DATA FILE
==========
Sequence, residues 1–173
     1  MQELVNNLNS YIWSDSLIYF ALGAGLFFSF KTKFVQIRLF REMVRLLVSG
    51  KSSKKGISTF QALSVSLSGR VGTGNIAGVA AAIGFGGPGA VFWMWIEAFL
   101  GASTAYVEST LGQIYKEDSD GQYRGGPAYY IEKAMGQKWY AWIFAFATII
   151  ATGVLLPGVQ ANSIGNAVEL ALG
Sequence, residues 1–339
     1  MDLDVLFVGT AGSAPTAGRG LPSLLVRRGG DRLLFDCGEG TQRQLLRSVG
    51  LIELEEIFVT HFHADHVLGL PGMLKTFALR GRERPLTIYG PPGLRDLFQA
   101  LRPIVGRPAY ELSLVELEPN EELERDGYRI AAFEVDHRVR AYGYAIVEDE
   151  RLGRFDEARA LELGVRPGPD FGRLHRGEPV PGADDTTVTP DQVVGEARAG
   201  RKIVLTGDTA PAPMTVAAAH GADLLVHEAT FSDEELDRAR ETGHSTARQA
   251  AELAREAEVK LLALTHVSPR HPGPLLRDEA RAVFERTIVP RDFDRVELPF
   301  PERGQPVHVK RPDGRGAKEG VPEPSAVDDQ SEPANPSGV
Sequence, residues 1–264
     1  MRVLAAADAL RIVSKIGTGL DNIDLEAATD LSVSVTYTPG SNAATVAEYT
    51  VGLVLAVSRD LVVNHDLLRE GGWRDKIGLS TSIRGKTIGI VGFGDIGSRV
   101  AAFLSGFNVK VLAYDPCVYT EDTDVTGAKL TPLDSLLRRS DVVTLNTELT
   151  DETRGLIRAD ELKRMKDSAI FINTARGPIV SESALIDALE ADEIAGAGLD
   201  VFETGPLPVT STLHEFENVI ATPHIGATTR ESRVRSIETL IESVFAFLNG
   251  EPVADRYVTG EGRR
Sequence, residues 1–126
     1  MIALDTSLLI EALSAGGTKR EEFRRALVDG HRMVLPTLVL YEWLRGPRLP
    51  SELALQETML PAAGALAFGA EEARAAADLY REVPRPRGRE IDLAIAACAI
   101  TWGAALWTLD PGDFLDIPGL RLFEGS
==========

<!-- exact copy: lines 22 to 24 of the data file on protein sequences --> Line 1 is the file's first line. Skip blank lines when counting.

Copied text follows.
     1  MIALDTSLLI EALSAGGTKR EEFRRALVDG HRMVLPTLVL YEWLRGPRLP
    51  SELALQETML PAAGALAFGA EEARAAADLY REVPRPRGRE IDLAIAACAI
   101  TWGAALWTLD PGDFLDIPGL RLFEGS